You have a new scan. You get a blood test. You’re waiting to hear if you will get an appointment with a new specialist. You start a new treatment. Then you wait. You wait, and wait, and wait some more. Every second that ticks past seems like an hour, and with every minute you can feel your anxiety rising. Everybody waits – maybe it’s a job interview or a college application – but for you waiting is harder because the results of these tests or treatments or appointments could mean the difference between health and struggle, or could define the possibilities of your life. How will you survive the wait?

Believe it or not, scientists have studied what makes people good (and bad…) at waiting. Kate Sweeney is a professor at the University of California at Riverside. She studied 50 law school graduates who had just taken the bar exam and were waiting to hear whether they had passed the test to be a lawyer. One thing she found is that people worried most right after the test – they couldn’t distract themselves from thinking about it. She also found that right before people got their results, they were the most pessimistic – as they were about to learn whether they had passed the test, they were most sure they had failed.

Sweeney also learned which strategies actually helped people feel less anxious while they waited. For example, distraction doesn’t work. It was as if intentionally doing something distracting, like going to a baseball game or playing a new video game, made people think more about the thing they were worrying about.

What did work was downplaying the importance of the test. People who imagined all the ways they would be okay even if they failed the test felt less anxiety while waiting. Sweeney also plans to test the strategy of mindfulness meditation. Maybe by working to focus on your self in the moment, you could stop worrying about what might happen in the future.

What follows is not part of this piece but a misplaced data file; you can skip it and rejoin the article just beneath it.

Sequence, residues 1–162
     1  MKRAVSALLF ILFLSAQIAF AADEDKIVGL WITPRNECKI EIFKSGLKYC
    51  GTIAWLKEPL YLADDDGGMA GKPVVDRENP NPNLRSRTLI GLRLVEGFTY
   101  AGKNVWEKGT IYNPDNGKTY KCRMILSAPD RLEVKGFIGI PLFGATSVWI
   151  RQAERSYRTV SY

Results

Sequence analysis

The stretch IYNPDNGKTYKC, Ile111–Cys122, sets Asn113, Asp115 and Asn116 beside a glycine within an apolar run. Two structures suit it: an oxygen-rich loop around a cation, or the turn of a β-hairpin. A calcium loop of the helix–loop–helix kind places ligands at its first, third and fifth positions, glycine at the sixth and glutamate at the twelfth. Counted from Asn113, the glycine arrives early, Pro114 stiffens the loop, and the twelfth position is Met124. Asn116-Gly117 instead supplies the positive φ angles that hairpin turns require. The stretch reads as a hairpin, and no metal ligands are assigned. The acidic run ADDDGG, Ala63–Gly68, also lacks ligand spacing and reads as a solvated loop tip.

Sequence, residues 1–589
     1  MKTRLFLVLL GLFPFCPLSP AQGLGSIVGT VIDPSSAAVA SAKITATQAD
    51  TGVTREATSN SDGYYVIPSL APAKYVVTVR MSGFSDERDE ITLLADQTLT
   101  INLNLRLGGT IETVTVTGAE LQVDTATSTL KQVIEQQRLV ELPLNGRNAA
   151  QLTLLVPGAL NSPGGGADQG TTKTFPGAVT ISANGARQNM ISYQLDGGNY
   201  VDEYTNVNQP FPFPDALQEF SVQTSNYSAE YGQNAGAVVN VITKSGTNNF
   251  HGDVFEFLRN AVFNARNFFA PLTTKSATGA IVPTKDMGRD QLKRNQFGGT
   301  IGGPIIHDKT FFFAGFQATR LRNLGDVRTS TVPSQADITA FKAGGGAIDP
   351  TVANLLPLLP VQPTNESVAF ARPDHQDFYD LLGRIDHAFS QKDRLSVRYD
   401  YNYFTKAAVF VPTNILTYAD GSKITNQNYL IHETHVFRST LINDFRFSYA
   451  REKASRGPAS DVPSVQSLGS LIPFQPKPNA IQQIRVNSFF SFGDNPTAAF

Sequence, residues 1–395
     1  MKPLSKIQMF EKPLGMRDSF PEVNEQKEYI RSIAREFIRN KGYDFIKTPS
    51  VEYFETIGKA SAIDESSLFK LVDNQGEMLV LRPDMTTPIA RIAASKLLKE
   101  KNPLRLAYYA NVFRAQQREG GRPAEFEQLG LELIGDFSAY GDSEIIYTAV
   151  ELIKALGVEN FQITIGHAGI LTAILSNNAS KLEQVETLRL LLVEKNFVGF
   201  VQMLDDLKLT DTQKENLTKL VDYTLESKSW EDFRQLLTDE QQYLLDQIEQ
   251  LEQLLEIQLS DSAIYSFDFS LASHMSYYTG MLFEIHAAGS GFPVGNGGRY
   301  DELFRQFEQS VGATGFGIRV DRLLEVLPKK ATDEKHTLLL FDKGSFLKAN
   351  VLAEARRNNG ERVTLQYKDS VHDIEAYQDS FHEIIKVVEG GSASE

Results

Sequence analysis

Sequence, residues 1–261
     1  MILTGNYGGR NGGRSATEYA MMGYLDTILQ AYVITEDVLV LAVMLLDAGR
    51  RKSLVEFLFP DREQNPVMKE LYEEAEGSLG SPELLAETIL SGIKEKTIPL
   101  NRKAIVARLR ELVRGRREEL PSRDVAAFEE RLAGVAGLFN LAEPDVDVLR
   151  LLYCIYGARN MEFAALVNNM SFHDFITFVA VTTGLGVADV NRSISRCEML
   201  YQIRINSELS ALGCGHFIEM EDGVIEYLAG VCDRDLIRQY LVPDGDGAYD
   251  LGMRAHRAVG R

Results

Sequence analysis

And there was also good news for people who just couldn’t help stressing out: People who were the most worried were also the most okay after they got the results – they were most relieved when they passed the test and most motivated to turn around and try again if they failed.

So if you’re worrying about the results of your medical test or treatment, consider trying two things. First, imagine how you could be okay even if the test doesn’t go the way you hope. And second, know that worrying is okay – it may make you better prepared for the results, good or bad.

Kristi Pikiewicz
Dr. Pikiewicz earned her PhD in Clinical Psychology at Pacifica Graduate Institute in Carpinteria, CA. She completed pre-doctoral training at the Nan Tolbert Nurturing Center in Ojai, CA, and her post-doctoral internship at the Boulder Institute for Psychotherapy and Research. At both sites, Dr. Pikiewicz worked with a range of adult, adolescent and child clients in individual, couple, family and group settings. She also holds a B.S. in environmental science from Allegheny College and a teaching credential from Western Washington University.